Publishing: A Complex Future

The crowd at DBW2013, more than 1,300 strong.

Publishers are grappling with the possibility that bookstores might not exist in the future; that some authors have a very low opinion of them; that agents are pushing them for more advantageous contract terms for their clients; that the landscape of book discovery is changing; and much more.

Yet, publishers are optimistic about the future. If the mood at the Digital Book World Conference + Expo that concluded yesterday is any indication, they’re downright upbeat. Most of the 1,300+ publishing executives, agents, technologists, librarians and others who attended stayed until the final bell at 5:00 P.M. yesterday, buzzing and sharing ideas.

Speaking of buzzing, the #DBW13 hash-tag on Twitter was trending nationally – something we didn’t think was possible, but the enthusiasm of our attendees made it happen.

One senior publishing executive we spoke with said, “When I got here this week, I was at zero. I’ve met at least three people who can help me with my problems.” It makes all the work and planning of the conference worth it – knowing that we helped publishers solve their problems.

If you missed the conference, you can watch the key sessions here. More from our coverage below.

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The rest of the day’s top news:

DBW2013: A Complex Future for Publishing (PW)
A summary of some of the most important sessions and insights from DBW2013.

DBW2013: What Authors Want (DBW)
We partnered with Writer’s Digest to survey nearly 5,000 authors about the attitudes toward publishers, self-publishing, libraries, agents, social media, ebook royalties and much more. The full survey is available for pre-order at the Digital Book World Store.

DBW2013: What Agents Want (Pub Lunch)
Literary agents are now “facilitators” for their authors’ careers. And that sometimes means helping them self-publish their works. It also means getting up on stage in front of a bunch of publishers and telling them what they should do to please authors.

DBW2013: Why Wool Author Hugh Howey Didn’t Sell His Ebook Rights (DBW)
In short, he was making more money on his own than he would with a publisher and the terms he was offered to sign on didn’t make it attractive for him. Bonus tidbit in the article: Why Howey left Amazon’s KDP Select program. More: Six Essential Issues in Any Ebook Contract Negotiation.

Penguin Gives Book Country Upgrade (DBW)
Book Country now offers free ebook self-publishing, has abandoned print self-publishing, and allows any author to use it – not just genre authors. There’s more to come later this year in the evolution of the site, according to Book Country president and Penguin Global Digital Director Molly Barton.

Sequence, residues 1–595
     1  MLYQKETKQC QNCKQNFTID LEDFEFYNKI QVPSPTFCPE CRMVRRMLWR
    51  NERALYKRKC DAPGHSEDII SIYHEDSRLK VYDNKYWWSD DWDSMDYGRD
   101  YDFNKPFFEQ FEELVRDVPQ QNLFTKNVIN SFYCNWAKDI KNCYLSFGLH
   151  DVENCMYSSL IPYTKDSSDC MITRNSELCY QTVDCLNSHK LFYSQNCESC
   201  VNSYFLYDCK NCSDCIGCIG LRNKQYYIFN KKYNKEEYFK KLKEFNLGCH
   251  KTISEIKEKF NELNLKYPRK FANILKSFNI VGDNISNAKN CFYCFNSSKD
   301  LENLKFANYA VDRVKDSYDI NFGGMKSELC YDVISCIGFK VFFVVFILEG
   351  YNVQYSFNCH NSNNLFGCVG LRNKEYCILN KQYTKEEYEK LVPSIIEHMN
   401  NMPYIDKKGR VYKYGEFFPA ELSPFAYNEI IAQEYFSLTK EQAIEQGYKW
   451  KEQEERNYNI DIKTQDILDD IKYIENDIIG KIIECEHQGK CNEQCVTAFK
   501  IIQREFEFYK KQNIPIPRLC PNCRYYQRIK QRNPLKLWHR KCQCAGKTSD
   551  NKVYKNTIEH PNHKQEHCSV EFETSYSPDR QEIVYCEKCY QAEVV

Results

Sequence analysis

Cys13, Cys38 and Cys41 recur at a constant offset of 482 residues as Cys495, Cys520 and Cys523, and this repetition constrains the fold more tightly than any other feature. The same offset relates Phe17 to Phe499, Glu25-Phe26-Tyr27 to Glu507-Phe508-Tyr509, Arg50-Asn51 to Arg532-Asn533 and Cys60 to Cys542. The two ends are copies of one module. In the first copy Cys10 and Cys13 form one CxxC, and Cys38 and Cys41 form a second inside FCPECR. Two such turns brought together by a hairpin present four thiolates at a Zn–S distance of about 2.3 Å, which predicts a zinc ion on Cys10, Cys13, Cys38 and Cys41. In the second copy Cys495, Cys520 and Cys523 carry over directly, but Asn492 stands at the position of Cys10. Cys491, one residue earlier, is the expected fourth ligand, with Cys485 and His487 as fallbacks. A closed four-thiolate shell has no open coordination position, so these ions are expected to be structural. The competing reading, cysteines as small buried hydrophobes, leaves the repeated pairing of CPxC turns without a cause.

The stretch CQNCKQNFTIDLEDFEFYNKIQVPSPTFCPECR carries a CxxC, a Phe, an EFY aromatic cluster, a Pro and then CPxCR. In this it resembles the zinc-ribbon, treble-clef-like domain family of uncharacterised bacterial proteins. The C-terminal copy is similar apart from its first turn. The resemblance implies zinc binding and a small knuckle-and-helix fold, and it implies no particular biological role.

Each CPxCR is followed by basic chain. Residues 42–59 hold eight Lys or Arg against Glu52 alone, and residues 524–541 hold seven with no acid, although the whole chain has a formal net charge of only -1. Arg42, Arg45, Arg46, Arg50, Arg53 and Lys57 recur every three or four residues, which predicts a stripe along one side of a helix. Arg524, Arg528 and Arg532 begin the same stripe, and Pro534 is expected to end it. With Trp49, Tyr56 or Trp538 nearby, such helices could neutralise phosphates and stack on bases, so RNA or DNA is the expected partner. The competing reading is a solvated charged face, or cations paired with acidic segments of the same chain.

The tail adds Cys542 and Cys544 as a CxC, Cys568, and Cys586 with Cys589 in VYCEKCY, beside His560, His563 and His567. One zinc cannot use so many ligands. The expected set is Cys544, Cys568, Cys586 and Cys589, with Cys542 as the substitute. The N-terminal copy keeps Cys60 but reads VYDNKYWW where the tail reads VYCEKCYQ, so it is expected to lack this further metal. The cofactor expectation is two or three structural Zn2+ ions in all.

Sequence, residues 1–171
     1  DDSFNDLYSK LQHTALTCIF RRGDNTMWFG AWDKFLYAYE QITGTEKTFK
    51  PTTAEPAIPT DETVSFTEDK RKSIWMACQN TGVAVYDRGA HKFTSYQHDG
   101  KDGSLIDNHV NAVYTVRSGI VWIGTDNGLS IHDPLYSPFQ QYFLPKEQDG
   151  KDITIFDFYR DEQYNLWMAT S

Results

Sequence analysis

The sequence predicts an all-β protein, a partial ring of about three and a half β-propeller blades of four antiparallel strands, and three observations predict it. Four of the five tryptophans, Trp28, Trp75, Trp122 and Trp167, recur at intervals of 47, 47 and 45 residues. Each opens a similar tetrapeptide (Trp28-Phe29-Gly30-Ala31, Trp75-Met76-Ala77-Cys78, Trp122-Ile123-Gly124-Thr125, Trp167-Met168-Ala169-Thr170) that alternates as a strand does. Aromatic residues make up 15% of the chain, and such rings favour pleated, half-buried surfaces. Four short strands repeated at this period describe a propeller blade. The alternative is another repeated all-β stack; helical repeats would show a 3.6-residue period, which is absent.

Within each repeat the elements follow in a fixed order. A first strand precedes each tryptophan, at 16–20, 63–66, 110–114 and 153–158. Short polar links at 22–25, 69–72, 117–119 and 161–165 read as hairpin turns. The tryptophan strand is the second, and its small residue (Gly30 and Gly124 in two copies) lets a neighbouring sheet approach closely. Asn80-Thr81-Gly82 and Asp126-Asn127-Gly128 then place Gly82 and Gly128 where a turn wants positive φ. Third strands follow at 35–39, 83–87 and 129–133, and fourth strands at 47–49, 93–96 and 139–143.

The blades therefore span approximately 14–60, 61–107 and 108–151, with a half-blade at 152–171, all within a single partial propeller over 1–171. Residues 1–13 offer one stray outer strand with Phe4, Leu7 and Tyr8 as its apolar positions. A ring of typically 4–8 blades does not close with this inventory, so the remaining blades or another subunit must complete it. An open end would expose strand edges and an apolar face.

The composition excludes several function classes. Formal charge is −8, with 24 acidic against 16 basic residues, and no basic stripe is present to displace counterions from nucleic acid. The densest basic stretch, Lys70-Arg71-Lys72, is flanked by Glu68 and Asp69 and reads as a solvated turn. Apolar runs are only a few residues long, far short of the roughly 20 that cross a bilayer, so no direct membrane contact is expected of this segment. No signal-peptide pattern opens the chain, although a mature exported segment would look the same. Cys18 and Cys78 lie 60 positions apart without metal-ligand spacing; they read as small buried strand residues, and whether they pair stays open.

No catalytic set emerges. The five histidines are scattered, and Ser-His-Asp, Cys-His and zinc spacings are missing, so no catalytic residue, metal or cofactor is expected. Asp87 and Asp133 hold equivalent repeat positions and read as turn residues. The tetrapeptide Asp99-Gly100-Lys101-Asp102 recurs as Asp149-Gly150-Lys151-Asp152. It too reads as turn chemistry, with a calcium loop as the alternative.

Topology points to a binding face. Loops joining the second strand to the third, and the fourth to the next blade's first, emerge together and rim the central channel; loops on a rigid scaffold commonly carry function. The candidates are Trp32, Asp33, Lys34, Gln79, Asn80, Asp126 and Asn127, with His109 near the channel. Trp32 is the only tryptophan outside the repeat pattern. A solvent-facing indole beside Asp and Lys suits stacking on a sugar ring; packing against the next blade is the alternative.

DBW2013: Ebook Market Maturing (DBW)
Several important reports point to the maturing of the ebook market: It will temporarily become easier to predict what will happen in what has been a turbulent market. How long will this “Act II” for ebooks last? Well, that’s harder to predict.

DBW2013: Insights on Ebooks From Barnes & Noble (DBW)
Barnes & Noble vice president of ebooks Jim Hilt took the stage at DBW2013 to share some of his company’s ebook insights, including the company’s new and intriguing focus on readers’ areas of interest rather than genres and categories to sell more books.

DBW2013: Discovery Landscape Shifting (DBW)
Publishers are spending more than ever advertising books on e-reading devices. Yet, new book discovery on the Web and e-readers has stalled out. What gives?

DBW2013: How to Fix Online Book Discovery (paidContent)
Some solutions for the problem of online book discovery from the conference, including protecting physical bookstores, fostering new players in retail and bolster the book review ecosystem.

DBW2013: Gamefying Children’s Ebooks (DBW)
When publishers use game mechanics to enhance their children’s ebooks, is it just candy replacing vegetables or is there a good reason that parents and educators can get behind?

DBW2013: New Kind of Ebook Buyer (Pub Lunch)
Kobo has a couple of months selling ebooks through indie bookstores under its belt. Some insight: Indie ebook buyers are way different than your average ebook buyer. In general, they’re more sophisticated.

Harlequin Expands Digital-Only Imprint to UK (The Bookseller)
Harlequin is expanding its digital-only imprint Carina Press to the UK: Carina UK.

Penguin POD at Retail (PW)
Penguin will add its catalog of books to the Espresso Book Machine, meaning at a very, very select set of locations, if a reader wants a Penguin title that’s not in stock, they can wait for it to be printed.

Book Tours Suck (Salon)
The author of Go the F*** to Sleep is not having fun on his book tour. He uses the inventive language for which he is known to air his grievances.

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Photo credit: Brian Park

One thought on “Publishing: A Complex Future

  1. Jeffrey Davis

    Jeremy, It was a fantastic conference. Meaningful hard data. Affirmations from “the horse’s mouth.” Great connections. Inspiring vendors. Useful information to navigate the digital wonderland.

    P.S. I know several authors who will want the “Author’s Launch” to happen next year – so give it another try, and let’s get the word out. I also have ideas for your bringing in certain instrumental bloggers. Finally, “audio books” might factor in the mix, too, for 2014. You do great work. -jbd



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